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  • best alternatives to Windows Home Server?

    A year ago I purchased a copy of Windows Home Server 2011 for $50 from Amazon. I'm only just now getting around to installing it, but I'm noticing that not only has Microsoft discontinued WHS 2011, but it seems to have discontinued any future releases also.

    So, for those of you who used to run WHS, what have you found (if anything) that you like just as much as (or possibly more than) WHS?

  • #2
    What about the newer server essentials?

    There will, of course, still be updates to WHS 2011. It works fine and will continue to do so for the foreseeable future. It's Server 2008 R2 under there.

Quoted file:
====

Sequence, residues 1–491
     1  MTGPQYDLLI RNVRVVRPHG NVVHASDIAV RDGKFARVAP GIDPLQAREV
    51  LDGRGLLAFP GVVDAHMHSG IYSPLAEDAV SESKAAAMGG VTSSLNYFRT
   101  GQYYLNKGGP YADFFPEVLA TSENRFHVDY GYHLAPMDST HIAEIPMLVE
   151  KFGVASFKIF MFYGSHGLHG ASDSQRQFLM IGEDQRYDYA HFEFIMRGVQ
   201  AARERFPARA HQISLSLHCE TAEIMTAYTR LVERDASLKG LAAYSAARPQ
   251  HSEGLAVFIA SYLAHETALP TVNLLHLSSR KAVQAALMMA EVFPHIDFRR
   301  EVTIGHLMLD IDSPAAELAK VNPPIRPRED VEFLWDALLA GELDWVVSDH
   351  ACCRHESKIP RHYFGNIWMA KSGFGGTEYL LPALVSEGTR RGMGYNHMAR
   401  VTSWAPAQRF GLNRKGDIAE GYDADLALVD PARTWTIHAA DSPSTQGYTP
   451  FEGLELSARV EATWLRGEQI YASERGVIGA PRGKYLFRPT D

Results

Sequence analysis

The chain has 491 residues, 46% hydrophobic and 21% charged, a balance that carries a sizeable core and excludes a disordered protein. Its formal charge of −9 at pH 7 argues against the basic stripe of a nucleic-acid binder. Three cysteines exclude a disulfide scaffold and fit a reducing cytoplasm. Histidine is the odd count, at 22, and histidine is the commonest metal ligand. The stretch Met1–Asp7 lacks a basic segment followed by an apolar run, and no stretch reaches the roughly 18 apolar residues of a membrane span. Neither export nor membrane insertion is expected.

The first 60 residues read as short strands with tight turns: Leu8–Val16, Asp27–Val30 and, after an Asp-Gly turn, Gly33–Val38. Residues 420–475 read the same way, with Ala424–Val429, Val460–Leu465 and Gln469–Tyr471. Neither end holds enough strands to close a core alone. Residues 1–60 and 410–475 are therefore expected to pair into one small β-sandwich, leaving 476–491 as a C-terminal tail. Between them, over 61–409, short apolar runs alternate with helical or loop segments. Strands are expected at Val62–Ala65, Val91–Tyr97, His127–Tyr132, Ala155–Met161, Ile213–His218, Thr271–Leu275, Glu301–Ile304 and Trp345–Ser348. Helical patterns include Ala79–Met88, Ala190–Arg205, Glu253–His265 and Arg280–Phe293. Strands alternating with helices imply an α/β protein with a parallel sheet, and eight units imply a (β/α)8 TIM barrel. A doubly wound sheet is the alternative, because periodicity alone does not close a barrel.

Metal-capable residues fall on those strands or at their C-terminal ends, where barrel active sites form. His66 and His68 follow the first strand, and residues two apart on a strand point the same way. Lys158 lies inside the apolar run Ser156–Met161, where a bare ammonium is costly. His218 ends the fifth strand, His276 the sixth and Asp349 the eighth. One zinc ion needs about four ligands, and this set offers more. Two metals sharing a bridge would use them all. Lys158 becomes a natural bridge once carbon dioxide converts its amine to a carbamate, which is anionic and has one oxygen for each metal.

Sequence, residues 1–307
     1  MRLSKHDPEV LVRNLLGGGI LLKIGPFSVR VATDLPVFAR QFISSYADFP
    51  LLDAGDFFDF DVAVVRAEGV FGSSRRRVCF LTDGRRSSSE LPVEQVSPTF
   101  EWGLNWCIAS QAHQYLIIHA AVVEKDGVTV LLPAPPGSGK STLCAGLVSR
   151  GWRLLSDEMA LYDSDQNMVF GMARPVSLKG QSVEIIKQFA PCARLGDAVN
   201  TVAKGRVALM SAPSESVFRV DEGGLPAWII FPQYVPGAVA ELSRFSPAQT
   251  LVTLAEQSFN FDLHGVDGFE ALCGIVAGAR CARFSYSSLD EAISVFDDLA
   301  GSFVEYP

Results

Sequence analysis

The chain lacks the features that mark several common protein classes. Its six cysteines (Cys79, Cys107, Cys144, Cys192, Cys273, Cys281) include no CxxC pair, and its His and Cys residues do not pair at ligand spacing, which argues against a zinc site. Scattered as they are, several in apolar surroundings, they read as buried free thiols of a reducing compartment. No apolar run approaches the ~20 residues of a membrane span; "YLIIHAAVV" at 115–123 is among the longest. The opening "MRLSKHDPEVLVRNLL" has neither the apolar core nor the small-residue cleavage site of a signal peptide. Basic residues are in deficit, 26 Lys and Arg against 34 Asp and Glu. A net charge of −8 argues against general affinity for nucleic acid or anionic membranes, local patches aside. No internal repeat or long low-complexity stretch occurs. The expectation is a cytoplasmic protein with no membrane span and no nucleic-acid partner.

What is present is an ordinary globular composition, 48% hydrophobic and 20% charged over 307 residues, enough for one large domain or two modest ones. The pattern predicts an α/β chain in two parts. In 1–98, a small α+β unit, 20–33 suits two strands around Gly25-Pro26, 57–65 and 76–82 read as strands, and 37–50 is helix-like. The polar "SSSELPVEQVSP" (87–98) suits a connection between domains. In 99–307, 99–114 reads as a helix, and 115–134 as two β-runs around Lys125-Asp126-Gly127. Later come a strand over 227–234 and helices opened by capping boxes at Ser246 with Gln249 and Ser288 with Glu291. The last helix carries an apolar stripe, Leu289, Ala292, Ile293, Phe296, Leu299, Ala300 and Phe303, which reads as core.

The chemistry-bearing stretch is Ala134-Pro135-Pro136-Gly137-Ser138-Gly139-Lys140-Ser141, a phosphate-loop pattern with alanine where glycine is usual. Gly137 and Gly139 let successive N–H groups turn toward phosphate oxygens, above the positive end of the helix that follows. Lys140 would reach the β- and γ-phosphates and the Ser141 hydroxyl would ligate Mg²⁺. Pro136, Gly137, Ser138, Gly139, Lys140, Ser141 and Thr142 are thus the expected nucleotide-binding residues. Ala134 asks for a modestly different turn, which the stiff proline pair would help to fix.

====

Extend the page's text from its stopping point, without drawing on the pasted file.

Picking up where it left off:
Originally posted by rprade
    There is no rhyme or reason to the anarchy a defective Z-Wave device can cause

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    • #3
      Like S-F said WHS 2011 has at its core Server 2008r2 and is very good and stable. Server 2012r2 is the replacement. You can buy it in the Essentials variety or add the Essentials role to the other varieties. There is also a media pack that will allow streaming media just like WHS2011. For home use 2011 might be a better choice as in its default configuration WSE2012r2 requires the client computers to join a domain. There is a registry change that can get you around that requirement. 2012 also takes over the role of DNS on your network so it is best to leave it up 24/7. Depending on the variety you will also get Hyper-v with 2012. It only comes with the Standard and Datacenter editions, but you can add the Essentials role to those version. Hyper-v is what drove me to switch. 2012 also has better handling of large GPT hard drives, offers ReFS and will support up to 25 client computer as opposed to the 8 of WHS2011.